Cormoran loomed. Christ, he could smell the fucker, an earthy fetor that put the city’s pollution to shame. It was the stink of an ancient bed, unkempt, magical and rank, sour as all the spells were sour these days, in these End Times of enchantment. The giant was up to his knees in the river, his massive boots sinking into metres of junk and filth, the wreckage of countless centuries. Ships, bridges, dragon bones

The width of the Thames allowed Cormoran free passage through London, and Ben, having surveyed the damage caused by the giant’s feet through Clerkenwell, could only feel grateful that he’d chosen this route. Foot-shaped craters peppered Fleet Street and Ludgate Hill, the shops, pubs and offices crushed as if they belonged in a model village, pulverised by the passage of mammoth boots. At the top of the hill, the giant’s club had cracked the dome of St. Paul’s Cathedral as though it was a boiled egg, the giant grumbling and turning, stamping down on Queen Victoria Street, a tower of sinew heading for the river.

The road had cracked like a liquorice stick, buses and trucks ramming into a descending foot. A church steeple went tumbling through the air, splintering apart on Mansion House tube station, blocks of stone choking the entrance, burying commuters. Trees shook, shedding branches and birds. Pigeons, squawking, fluttered through the invaded sky. A furrow of rubble—most of it smouldering, sparking or aflame—marked the course of Cormoran’s journey, a broad thoroughfare of ruin. The Monument to the Great Fire had toppled in his wake, the Doric column thumping down on the adjacent buildings, its golden crown shattering, riddling the crowds with debris. HMS Belfast, the navy museum battleship, had capsized at moorage as the giant’s boot splashed down in the Thames.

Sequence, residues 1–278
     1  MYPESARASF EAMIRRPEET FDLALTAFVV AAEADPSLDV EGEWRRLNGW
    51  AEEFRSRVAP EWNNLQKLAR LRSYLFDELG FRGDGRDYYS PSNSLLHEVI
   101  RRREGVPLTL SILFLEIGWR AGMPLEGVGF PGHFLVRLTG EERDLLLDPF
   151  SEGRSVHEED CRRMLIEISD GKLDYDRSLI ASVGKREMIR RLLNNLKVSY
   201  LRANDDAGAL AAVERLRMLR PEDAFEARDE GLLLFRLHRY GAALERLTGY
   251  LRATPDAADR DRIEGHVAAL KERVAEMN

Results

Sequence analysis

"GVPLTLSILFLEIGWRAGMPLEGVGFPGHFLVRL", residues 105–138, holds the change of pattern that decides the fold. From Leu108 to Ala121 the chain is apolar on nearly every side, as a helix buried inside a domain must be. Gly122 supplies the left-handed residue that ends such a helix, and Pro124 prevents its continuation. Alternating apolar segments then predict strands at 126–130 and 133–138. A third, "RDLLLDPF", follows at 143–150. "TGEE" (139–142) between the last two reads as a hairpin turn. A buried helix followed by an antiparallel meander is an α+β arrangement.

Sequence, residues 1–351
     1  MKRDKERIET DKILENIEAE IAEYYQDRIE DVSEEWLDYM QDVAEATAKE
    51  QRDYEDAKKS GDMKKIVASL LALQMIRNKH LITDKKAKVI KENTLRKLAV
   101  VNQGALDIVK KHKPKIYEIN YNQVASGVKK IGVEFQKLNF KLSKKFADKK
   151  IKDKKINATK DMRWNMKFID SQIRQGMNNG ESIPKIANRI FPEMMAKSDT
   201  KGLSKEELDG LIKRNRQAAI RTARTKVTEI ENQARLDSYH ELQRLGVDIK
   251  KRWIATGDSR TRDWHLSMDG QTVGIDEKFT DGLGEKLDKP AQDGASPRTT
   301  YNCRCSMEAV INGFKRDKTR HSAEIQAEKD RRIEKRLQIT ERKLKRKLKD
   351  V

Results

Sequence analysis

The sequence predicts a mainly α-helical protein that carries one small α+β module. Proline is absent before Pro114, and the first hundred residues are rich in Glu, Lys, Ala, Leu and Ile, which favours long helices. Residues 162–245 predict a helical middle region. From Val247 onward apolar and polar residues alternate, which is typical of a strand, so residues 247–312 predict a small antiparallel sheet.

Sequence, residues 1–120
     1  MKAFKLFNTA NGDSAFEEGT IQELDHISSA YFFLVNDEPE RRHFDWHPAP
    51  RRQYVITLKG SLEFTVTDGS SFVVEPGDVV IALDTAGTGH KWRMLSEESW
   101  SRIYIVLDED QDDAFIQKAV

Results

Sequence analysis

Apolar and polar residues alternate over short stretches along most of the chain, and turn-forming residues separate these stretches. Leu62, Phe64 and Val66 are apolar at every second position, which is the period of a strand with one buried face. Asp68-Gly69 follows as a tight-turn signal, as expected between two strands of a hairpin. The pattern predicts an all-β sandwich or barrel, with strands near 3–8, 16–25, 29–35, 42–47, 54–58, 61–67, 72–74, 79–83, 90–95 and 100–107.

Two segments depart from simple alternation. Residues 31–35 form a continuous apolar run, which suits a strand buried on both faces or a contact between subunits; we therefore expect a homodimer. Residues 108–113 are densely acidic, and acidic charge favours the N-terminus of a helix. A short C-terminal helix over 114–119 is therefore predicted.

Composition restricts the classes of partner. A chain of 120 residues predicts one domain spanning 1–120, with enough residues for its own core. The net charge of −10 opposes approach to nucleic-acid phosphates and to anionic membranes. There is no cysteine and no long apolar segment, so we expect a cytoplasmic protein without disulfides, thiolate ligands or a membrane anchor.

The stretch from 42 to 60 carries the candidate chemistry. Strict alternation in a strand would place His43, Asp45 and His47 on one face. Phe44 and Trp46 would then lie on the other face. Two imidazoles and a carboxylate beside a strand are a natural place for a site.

Tower Bridge now rose snapped and crumbling behind the brute, and several barges and boats had run aground, hurled by the displaced tide. Lightermen and tourists milled on the shore, bedraggled, shell-shocked, but alive. Ben didn’t want to think about the people in the city, how they’d fared under the march of leather soles with who knew how many tons behind them. With a familiar twist in his guts, he knew that he wouldn’t be able to save everyone. As ever, this was a game of damage limitation.

And you’re losing ground. You’ve been losing ground ever since the breach in the Lore …

Somehow, he had to draw the giant away from London, lure him further downriver into the marshes, into the deepest mud, let the estuary tides close over his head …

Wishful thinking. The only kind you know.

Still, he had to try. The giant shrugged off Canary Wharf in splinters and crashed onwards past Millwall, the river flooding Surrey Docks Farm and Sir John McDougall Gardens. Mud and trash went washing into the Isle of Dogs, wrecked boats, stunned seagulls, fishing nets, dislodged crates and shopping trolleys swirling down the streets towards the inner docks.